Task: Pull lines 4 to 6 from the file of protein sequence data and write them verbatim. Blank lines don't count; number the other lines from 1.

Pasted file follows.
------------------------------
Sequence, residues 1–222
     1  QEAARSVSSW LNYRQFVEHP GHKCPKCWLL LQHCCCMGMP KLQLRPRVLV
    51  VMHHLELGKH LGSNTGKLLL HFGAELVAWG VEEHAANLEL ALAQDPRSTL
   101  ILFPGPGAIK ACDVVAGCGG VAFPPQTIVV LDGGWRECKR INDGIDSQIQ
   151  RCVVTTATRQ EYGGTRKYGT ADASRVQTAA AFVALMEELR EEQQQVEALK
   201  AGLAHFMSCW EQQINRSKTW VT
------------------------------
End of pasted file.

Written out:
   101  ILFPGPGAIK ACDVVAGCGG VAFPPQTIVV LDGGWRECKR INDGIDSQIQ
   151  RCVVTTATRQ EYGGTRKYGT ADASRVQTAA AFVALMEELR EEQQQVEALK
   201  AGLAHFMSCW EQQINRSKTW VT